2014 Nissan LeafEnlarge Photo
Nissan launched its 2011 Leaf, the world's first modern mass-production all-electric vehicle, more than three years ago. The first U.S. delivery was in December 2010 in California.
But sales have not met Nissan's goals, for a variety of reasons. And now Nissan has two competitors in volume electric cars: Tesla, and more recently BMW.
So Nissan is doing a smart thing: It's talking to Tesla owners about their cars, presumably in hopes of understanding better how to compete with the German technology brand and the Silicon Valley upstart.
Nissan hoped to sell upwards of 20,000 Leafs a year while it had the U.S. market to itself. Now, with a more competitive market, the next-generation Leaf and other Nissan and Infiniti electric and plug-in vehicles will have to compete in a tougher environment.
Infiniti LE Concept at New York Auto Show, April 2012Enlarge Photo
Already, the Infiniti LE electric vehicle is on hold indefinitely, despite rave reviews when it was shown as a concept. The causes included both Infiniti's greater global challenges--it needs a luxury compact line far more than it needs an electric car--and the LE's limited range.
Built on the Leaf platform, with a range of less than 100 miles, the Infiniti LE may have competed with the Tesla Model S--which offers three times the range.
And the elegant, expensive Infiniti Emerg-E plug-in hybrid disappeared after an embarrassment at the Goodwood Festival in England.
But Nissan is learning from its experiences, and continuing to conduct market research on future battery-powered vehicles.
In the summer of 2012, Nissan very quietly conducted a series of focus groups to evaluate a unique three-person seating format for a hybrid or electric coupe.
More recently, the company suggests that its unusual BladeGlider electric sports-car concept foreshadows a upcoming production car. Could this be the production version of the car on which Nissan sought focus-group feedback in 2012?
Then, within the past few weeks, reports have emerged of Leaf owners being asked by Nissan about how much a "150-mile range Leaf" would be worth over the price of the current model, rated at 84 miles of range for 2014.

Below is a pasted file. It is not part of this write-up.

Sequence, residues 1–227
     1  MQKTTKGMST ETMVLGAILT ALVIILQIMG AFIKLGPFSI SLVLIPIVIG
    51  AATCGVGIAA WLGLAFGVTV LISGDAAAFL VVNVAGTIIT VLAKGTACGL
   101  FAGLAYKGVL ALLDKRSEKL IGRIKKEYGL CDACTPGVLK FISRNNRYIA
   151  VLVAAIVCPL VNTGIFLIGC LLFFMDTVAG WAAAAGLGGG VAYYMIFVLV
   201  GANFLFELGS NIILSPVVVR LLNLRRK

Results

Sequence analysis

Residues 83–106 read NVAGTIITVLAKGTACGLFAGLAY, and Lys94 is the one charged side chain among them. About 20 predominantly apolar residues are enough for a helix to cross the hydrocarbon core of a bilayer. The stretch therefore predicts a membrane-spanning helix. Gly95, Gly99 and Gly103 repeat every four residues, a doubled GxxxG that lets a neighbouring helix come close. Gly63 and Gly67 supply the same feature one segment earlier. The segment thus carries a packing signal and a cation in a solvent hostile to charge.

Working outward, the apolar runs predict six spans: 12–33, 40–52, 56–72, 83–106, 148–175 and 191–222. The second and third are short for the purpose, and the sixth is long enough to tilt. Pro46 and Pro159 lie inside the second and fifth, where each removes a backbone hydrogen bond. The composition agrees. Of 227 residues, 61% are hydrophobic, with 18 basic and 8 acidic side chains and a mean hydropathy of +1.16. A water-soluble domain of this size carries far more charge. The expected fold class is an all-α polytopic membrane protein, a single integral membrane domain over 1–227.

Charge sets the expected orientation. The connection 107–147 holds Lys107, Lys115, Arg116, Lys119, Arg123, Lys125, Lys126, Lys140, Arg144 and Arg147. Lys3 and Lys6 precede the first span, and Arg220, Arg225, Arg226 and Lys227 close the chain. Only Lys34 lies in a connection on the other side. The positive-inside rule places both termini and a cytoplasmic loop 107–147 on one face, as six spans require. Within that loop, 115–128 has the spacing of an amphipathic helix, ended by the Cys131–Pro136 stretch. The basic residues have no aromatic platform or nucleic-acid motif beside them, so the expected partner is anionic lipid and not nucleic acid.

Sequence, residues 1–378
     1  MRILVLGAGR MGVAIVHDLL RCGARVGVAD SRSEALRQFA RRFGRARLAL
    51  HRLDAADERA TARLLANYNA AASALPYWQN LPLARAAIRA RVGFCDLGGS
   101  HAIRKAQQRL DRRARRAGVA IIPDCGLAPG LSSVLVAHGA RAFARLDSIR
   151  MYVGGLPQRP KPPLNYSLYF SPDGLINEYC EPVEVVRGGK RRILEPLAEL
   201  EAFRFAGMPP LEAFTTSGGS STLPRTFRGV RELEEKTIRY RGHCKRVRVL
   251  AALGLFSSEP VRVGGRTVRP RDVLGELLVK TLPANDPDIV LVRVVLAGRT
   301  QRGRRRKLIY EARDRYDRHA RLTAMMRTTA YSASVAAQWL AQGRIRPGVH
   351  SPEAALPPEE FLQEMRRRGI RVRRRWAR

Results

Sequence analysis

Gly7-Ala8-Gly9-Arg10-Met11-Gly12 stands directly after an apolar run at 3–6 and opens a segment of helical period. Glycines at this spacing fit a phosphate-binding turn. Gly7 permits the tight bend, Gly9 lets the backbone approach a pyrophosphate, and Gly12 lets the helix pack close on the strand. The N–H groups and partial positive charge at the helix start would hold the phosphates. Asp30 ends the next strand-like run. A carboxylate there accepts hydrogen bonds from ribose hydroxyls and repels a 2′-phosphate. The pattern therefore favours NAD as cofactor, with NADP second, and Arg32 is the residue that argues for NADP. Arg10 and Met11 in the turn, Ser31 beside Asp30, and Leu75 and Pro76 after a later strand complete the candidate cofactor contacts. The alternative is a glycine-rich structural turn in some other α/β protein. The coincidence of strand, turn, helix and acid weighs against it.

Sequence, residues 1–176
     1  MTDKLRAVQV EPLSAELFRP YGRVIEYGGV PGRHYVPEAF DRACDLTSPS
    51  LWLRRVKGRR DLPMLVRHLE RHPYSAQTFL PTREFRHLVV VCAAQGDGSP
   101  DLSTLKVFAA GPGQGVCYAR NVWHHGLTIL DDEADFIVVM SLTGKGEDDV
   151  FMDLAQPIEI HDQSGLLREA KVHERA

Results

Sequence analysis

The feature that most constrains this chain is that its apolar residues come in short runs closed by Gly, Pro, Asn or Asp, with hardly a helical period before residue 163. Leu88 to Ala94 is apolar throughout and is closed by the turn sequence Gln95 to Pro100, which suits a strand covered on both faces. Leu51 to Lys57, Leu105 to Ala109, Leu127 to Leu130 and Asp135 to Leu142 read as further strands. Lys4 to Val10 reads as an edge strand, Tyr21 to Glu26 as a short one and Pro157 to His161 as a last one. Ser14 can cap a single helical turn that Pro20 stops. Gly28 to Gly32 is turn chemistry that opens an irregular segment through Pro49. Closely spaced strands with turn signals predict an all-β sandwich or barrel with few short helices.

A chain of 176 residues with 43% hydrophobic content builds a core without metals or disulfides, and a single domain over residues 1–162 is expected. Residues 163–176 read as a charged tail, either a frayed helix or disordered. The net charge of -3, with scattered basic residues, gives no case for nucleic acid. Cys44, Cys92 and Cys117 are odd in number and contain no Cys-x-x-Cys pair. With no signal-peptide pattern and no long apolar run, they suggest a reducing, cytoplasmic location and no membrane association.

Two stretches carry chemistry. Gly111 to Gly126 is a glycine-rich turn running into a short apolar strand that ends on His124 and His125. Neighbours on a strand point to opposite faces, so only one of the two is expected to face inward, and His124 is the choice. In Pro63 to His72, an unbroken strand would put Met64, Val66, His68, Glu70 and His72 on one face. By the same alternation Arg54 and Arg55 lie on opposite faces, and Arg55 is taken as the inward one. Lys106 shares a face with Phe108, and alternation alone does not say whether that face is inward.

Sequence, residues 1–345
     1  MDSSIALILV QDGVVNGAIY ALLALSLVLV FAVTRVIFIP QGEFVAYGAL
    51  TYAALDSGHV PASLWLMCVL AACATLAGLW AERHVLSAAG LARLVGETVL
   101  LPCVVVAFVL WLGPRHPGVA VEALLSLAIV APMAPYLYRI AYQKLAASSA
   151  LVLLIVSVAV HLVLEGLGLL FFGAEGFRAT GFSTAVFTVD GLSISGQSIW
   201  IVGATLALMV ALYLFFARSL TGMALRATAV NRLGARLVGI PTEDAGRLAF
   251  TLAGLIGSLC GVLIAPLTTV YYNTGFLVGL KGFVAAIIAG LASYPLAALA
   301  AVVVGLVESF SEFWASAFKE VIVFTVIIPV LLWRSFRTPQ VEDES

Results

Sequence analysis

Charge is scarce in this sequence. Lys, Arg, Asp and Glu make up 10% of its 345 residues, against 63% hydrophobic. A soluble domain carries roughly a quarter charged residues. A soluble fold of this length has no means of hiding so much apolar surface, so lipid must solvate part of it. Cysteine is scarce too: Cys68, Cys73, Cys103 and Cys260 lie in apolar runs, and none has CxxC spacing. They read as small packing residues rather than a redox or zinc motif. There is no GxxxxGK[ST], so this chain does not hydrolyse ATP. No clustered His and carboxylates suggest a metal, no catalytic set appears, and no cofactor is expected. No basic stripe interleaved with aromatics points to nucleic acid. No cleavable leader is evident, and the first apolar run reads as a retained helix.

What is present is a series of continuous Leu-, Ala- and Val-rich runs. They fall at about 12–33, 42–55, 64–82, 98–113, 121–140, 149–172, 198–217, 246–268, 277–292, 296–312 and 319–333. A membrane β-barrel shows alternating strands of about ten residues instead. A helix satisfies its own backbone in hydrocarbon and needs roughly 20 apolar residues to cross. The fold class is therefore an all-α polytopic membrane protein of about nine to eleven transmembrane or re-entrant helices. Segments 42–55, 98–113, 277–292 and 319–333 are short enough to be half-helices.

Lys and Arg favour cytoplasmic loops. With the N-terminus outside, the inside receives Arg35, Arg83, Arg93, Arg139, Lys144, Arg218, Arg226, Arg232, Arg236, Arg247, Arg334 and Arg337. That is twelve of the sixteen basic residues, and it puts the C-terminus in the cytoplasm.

2014 Tesla Model SEnlarge Photo
Now: talking to Tesla owners
Now Nissan is quietly gathering additional "intelligence" about satisfaction, details, and features from Tesla Model S owners. The following e-mail went out a few weeks ago to Sacramento-area Model S owners:
We would like to conduct a survey of Model S owners in Sacramento area.
The survey will be composed of the following elements (target timing):
1) Participant selection –Owner Name & contact info, Tesla Model Spec, Purchase month/year & current ODO, and home charging station info (Jan 9-17).
2) Web-based survey (Jan 20 week)
3) Owners will keep a ‘driving diary’ for approximately 1 week documenting driving/charging of their vehicle in normal use (Jan 20 week)
4) In-person interview (~1hr) with Nissan staff (week of Feb 3)
2013 Tesla Model S at Supercharger station in Springfield, Oregon, Nov 2013 [photo: George Parrott]
2013 Tesla Model S at Supercharger station in Springfield, Oregon, Nov 2013 [photo: George Parrott]Enlarge Photo
Actual Model S use
During the interview stage, a Detroit-based Nissan representative led the process, with a focus on how the Model S was actually used: where it was charged, how often it was plugged in, how far typically the car was driven per day, and whether the full range was actually used.
Several questions covered features that were most appreciated on the Model S--and, of course, the researchers asked about any features or details that were lacking.
These Nissan surveys and interviews may just reflect the normal needs of a company seeking feedback on its marketplace and competition.
Or, taking a more hopeful perspective, perhaps Nissan is considering offering a battery-electric car with considerably longer range.
Could the company be planning to expand its plug-in range upscale, to challenge Tesla's total control of the upper end of the plug-in electric car market?
NOTE: Most marketing feedback surveys similar to this one require participants to sign a nondisclosure agreement; there was no such requirement for participation in this study.